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Sometimes the best approach can be to go with where they are and use the patient's belief system to the treatment's advantage. Psychiatrist M. Scott Peck correctly pointed out that, unlike psychotherapy, exorcism makes more use of power in waging war against the patient's sickness, and is usually conducted by a team of exorcists who attempt to overpower the patient's efforts to resist treatment. He further notes that, unlike time-limited psychotherapy sessions, exorcisms can extend far beyond forty-five minutes, and often involve forcible physical restraint of the patient during these intense and typically angry confrontations.
Ignorance and superstition have often surrounded stories of demonic possession in various cultures, and surely many alleged episodes can be explained by fraud, chicanery or mental pathology. But anthropologists agree that nearly all cultures have believed in spirits, and the vast majority of societies (including our own) have recorded dramatic stories of spirit possession. Despite varying interpretations, multiple depictions of the same phenomena in astonishingly consistent ways offer cumulative evidence of their credibility.
In Western societies demonology survived as an explanation of mental health problems right up until the eighteenth century, when witchcraft and demonic possession were common explanations for psychopathology. Nevertheless, as I have described above, demonic or spirit possession is still a common explanation for mental health problems in some less developed areas of the world – especially where witchcraft and voodoo are still important features of the local culture such as Haiti and some areas of Western Africa (). The continued adoption of demonic possession as an explanation of mental health problems (especially in relation to psychotic symptoms) is often linked to local religious beliefs (Ng, 2007; Hanwella, de Silva, Yoosuf, Karunaratne & de Silva, 2012), and may often be accompanied by exorcism as an attempted treatment – even in individuals with a known history of diagnosed psychotic symptoms (e.g. Tajima-Pozo, Zambrano-Enriquez, de Anta, Moron et al., 2011).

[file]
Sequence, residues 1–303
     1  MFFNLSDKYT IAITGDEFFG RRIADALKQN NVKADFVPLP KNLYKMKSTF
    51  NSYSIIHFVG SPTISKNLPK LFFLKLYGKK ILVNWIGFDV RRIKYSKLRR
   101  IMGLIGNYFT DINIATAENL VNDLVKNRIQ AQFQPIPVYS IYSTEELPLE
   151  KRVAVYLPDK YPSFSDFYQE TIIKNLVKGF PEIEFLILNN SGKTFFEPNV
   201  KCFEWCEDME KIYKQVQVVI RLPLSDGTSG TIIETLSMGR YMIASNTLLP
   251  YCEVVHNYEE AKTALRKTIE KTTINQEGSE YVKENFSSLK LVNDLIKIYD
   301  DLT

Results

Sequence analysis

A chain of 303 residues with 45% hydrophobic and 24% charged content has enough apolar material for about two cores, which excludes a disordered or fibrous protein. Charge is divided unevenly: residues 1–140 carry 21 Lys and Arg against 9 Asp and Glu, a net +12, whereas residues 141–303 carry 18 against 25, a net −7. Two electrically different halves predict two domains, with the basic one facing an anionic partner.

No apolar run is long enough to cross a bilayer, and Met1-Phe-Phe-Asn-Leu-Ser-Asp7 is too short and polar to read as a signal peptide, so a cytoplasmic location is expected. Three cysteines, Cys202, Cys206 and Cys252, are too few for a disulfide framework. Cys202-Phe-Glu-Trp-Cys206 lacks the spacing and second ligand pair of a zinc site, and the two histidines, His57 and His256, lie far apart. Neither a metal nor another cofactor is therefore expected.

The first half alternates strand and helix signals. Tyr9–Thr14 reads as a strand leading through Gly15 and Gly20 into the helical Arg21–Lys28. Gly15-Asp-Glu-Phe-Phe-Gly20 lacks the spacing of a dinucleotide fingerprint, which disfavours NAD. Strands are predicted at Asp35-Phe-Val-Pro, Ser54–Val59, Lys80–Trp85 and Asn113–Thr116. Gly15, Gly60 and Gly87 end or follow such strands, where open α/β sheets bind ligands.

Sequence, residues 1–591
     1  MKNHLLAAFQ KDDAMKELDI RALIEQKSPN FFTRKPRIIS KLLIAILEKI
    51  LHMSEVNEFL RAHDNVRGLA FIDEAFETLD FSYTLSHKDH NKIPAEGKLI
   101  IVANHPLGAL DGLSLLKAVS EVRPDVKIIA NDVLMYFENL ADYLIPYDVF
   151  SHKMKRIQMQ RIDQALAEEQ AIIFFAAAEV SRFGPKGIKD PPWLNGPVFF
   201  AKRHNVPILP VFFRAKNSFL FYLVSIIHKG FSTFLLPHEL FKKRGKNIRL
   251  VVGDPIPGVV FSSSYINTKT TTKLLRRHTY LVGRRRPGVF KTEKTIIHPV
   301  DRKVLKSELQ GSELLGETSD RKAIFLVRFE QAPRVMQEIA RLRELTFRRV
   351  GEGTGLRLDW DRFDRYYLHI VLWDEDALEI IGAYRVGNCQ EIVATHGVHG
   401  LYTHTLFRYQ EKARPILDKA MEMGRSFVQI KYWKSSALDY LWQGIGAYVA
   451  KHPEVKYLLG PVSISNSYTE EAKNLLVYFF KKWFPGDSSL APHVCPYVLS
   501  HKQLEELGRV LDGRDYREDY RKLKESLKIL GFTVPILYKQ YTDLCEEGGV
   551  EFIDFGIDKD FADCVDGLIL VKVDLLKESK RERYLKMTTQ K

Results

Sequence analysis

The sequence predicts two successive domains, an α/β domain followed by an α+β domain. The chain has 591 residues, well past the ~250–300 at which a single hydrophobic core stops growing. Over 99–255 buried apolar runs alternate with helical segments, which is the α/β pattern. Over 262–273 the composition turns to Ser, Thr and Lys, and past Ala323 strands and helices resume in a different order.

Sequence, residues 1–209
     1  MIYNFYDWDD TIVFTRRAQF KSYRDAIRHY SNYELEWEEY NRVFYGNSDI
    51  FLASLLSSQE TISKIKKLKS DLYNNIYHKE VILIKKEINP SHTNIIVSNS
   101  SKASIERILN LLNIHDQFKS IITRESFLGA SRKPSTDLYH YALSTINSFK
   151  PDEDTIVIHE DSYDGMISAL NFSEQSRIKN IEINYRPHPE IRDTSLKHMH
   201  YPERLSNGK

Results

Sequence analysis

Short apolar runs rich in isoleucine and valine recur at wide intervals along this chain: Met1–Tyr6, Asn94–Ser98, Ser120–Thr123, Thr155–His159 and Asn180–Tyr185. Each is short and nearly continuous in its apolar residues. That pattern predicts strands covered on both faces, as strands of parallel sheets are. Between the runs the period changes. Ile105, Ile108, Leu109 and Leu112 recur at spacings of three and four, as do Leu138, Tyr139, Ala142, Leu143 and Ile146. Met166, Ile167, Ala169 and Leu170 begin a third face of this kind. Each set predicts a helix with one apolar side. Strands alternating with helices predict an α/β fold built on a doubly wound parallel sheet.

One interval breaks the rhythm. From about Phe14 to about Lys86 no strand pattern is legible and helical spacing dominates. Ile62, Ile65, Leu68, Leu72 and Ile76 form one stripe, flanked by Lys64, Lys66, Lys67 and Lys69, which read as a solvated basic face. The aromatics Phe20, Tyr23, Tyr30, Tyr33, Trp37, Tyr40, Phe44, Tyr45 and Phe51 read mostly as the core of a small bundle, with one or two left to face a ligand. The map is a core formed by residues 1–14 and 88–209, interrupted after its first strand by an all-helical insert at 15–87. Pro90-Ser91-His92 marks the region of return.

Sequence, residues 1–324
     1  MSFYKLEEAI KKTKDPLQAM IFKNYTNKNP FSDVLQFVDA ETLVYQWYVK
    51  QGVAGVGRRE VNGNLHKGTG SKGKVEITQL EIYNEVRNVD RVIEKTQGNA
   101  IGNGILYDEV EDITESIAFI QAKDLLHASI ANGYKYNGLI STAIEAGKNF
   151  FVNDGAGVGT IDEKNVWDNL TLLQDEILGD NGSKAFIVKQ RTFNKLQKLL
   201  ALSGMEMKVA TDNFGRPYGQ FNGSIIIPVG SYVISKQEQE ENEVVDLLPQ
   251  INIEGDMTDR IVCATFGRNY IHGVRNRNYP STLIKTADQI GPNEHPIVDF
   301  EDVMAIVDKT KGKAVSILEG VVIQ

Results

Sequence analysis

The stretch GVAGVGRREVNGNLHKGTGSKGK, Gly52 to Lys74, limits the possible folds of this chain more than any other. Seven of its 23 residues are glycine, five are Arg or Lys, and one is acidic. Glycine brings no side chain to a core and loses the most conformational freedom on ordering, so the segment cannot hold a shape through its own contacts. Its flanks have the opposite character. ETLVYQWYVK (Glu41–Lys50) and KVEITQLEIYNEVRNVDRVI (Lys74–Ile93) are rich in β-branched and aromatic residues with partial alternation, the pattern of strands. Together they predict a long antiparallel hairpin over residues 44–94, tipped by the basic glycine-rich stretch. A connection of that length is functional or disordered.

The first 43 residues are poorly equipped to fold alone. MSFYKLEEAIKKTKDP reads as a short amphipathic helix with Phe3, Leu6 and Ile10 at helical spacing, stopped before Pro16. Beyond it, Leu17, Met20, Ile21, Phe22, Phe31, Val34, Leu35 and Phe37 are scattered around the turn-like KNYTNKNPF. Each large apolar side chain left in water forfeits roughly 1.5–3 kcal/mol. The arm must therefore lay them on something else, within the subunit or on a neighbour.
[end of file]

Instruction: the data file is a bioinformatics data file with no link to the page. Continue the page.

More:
originally posted by: GeauxHomeYoureDrunk
a reply to: KansasGirl
Thank you for the wonderful response and especially for the podcast info! I will definitely be checking it out some time tomorrow!
originally posted by: skunkape23
If possession is a mental illness wouldn't that also make the guy who thinks he can drive away demons with some religious mumbo-jumbo also a looney?
“There are many other psychiatrists and mental health care professionals who do what I do – perhaps not to the scope that I do – who seem hesitant to speak out,” Dr. Gallagher says. “That’s what gives my work some singularity. That I have had so much experience and that I am willing to speak out. I feel an obligation to speak out. I think that I should.” At the same time, Dr. Gallagher warns that it’s important to determine without any doubt that a person actually has a real demon before recommending that he or she visit an exorcist. “There is very strict criteria for determining the person’s problem,” he warns. “I am not just intuiting. I’m dealing with it from a very scientific point of view.”